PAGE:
Miami-Dade County just learned it lost a front-runner for Miami’s Blacks who worked to bridge the gaps in understanding between integrating communities. Robert “Bob” Simms died in Tuscaloosa, Ala. Dec. 16. He was 87. Born in Alabama in 1927, Simms moved to Miami in 1953 for a job at George Washington Carver schools. It was there that he met Clyde Stephens Sr. The two instantly hit it off, becoming fishing buddies who planned trips for decades, even after being separated by the integration of schools in the early ‘60s.
A thunder of voices resounded as protesters, like a dark cloud, shadowed the sunny Coral Gables campus at the University of Miami (UM). Michael Brown. Oscar Grant. Eric Garner. Joe Ferrell. Sean Bell. Rekia Boyd. John Crawford. Ezell Ford. Amadou Diallo. These were the names students blared over a megaphone -- names of unarmed Black people who were killed by police officers.
The failed indictments of police officers who killed Eric Garner and Michael Brown have unleashed ideas that the Jim Crow era of racism is still disguised in U.S. society. Recent images of hostility displayed toward mourning protesters in Ferguson, Mo. rehashed parallels to violent police tactics during the civil rights movement. Those images ripped the Band-Aid off a sore that festered openly after a white police officer killed unarmed Brown. And while many police publicly defend the actions of cops, Black people across the country are angered by what many view as aggressive mistreatment.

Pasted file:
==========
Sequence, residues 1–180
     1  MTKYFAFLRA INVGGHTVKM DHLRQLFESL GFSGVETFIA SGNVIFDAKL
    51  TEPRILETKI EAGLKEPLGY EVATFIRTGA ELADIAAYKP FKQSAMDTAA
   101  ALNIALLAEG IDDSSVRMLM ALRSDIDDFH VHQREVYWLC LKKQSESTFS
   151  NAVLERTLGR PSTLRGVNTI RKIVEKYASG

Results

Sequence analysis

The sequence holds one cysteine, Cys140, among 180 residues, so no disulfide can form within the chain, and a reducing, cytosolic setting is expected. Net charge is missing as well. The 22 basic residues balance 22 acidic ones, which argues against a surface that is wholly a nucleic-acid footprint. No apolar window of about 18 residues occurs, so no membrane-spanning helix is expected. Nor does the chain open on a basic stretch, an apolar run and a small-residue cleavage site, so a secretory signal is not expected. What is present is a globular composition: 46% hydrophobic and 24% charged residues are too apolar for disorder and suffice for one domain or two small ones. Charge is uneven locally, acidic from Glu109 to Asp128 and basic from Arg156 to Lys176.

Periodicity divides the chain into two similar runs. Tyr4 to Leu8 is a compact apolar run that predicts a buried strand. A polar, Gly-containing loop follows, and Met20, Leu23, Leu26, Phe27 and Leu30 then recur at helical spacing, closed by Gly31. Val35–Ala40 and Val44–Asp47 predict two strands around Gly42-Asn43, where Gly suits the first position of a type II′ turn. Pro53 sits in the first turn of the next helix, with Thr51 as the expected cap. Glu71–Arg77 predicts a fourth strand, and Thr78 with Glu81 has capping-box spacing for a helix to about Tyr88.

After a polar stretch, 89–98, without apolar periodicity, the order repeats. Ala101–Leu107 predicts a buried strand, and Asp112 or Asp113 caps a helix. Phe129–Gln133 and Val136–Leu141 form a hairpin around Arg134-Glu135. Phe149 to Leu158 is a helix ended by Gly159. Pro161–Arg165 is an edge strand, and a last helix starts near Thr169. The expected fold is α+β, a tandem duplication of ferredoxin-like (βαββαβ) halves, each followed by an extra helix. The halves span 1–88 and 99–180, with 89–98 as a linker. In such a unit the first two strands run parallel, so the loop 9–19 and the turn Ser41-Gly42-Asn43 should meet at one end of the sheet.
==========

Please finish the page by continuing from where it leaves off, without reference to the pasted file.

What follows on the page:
Final urban poetry night is Dec. 10
Whether it was strong, punchy verbs popping over a microphone or smooth, sultry adjectives sending out stories of passion into the room, the Bohemia Room was the place for poets and listeners alike. Miami has become a notable city for visual arts, which is never more apparent than the bustling celebration during Art Basel. But while one art scene flourishes, a smaller form of creative expression that nestled a home in downtown Miami is giving the city its final kiss goodbye.
Community servants to be honored at celebration gala
One of Florida’s oldest Black business institutions is turning 40 years old — a milestone marked by celebration even as it faces the future with apprehension. The Miami-Dade Chamber of Commerce (M-DCC) has been a resource to the Black community since it was founded in 1974 by five business people who were barred from the Greater Miami Chamber of Commerce.
Residents believe city ignores voters
The process to remove one longtime public servant from office has turned to the courts as disagreements in Opa-locka continued last week. Attorney Benedict Kuehne filed a civil lawsuit on Nov. 24 on behalf of an Opa-locka organization called Citizens on a Mission for Change, requesting a judge to declare Timothy Holmes ineligible as a city commissioner. Kuehne attempted to file an injunction Nov. 6 to delay Holmes from being sworn in after Holmes garnered the majority of votes to win the seat. The city declined to remove Holmes.